hidden between the trees of a forest in the nagano prefecture of japan is a small earthen house realized by tono mirai architects. the project, which combines traditional materials and building techniques with contemporary environmental strategies, was designed for a client looking for an unusual yet timeless home.
all images by takeshi noguchi
as per the request of the client, shell house was developed to occupy only 20% of the 290 m2 site. following this brief tono mirai took inspiration from natural forms to create a small, organic-shaped building that blends into the surrounding forest. akin to a shell, the house protectively curves around the north and west elevations before opening out to the east and south. this large opening lets sunlight flood into the interior while also connecting the living spaces to the great outdoors.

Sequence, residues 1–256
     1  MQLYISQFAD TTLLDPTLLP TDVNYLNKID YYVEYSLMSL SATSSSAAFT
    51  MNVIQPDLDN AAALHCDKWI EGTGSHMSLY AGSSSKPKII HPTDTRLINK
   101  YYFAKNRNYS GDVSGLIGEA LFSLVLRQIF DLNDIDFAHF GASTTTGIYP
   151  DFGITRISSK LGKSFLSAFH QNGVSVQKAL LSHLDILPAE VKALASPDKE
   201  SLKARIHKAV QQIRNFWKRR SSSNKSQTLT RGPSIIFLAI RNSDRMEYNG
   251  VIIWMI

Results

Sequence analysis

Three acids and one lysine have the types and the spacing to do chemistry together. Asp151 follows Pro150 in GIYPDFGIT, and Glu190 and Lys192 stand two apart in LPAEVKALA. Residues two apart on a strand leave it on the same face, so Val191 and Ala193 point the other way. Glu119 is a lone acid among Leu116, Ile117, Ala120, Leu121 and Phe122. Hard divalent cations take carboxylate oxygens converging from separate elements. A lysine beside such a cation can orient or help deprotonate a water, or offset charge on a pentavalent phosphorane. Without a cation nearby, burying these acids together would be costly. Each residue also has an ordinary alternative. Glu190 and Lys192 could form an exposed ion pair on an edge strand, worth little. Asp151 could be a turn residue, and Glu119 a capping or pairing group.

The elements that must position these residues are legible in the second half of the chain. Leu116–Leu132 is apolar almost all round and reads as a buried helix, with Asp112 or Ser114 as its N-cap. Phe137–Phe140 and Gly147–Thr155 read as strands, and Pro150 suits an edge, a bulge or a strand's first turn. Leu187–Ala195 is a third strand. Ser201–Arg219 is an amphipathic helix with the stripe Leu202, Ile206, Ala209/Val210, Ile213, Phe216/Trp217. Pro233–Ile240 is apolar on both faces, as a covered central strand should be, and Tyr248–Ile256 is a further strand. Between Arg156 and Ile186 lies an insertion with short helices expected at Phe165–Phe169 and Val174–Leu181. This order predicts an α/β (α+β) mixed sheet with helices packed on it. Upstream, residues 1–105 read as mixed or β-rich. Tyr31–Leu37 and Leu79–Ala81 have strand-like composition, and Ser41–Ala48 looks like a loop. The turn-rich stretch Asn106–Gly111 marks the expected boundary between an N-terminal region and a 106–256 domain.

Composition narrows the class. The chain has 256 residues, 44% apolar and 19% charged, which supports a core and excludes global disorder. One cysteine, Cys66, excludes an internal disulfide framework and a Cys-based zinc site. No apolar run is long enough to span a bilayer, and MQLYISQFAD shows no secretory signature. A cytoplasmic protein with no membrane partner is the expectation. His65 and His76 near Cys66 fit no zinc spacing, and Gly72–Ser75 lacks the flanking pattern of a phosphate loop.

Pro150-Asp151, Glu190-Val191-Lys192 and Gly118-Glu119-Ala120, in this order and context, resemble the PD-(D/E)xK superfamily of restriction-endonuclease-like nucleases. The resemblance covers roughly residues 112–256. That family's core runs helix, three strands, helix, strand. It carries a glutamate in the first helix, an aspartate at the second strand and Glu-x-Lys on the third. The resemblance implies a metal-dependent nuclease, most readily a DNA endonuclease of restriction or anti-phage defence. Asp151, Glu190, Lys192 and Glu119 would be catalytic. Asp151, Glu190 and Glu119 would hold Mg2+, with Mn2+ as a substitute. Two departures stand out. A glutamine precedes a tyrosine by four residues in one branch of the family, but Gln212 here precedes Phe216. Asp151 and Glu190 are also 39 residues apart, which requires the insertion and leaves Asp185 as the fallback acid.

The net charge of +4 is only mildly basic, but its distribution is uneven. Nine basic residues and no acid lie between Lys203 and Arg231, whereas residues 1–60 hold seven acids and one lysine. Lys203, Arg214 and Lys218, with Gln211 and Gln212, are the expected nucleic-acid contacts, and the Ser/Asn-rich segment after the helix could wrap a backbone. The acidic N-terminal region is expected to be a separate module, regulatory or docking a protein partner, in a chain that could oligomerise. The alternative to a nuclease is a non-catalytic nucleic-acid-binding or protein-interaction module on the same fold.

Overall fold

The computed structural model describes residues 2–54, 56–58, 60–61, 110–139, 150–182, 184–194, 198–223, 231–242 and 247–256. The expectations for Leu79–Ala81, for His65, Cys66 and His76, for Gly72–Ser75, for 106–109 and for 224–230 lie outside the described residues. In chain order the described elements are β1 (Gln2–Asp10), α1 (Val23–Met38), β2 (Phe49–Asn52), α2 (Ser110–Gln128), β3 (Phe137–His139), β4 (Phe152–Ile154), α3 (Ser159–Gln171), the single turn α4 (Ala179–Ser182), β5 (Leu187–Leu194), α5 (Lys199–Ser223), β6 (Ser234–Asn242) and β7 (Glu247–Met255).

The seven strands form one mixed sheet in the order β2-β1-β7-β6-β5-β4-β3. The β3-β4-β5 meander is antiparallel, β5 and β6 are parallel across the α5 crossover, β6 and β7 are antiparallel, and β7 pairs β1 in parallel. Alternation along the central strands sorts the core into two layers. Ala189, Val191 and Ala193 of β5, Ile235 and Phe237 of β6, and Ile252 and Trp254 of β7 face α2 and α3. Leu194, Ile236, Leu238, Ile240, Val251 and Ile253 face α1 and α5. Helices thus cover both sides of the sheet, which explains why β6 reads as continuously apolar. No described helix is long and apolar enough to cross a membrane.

to achieve as low an environmental impact as possible, the house was built using local FSC timber, earth, and people’s hands – all without petrochemical materials. all the interior rooms are finished with local earth and wood. the earth wall of the curved surface gently stretches through the whole house, enveloping users in a natural and cozy atmosphere. to the southeast, the building integrates with the forest by the wooden deck, which protrudes outwards.
shell house is designed according to passive design. the outside wall, roof and ceiling average an overall u-value of 0.49. (w/m2k). the earth wall is combined with 180 mm of wool insulation, which has a u-value of 0.207 (w/m 2 k). thanks to the use of these materials and strategies, the building was rated 5 stars for energy efficiency in the japanese environmental assessment CASBEE S.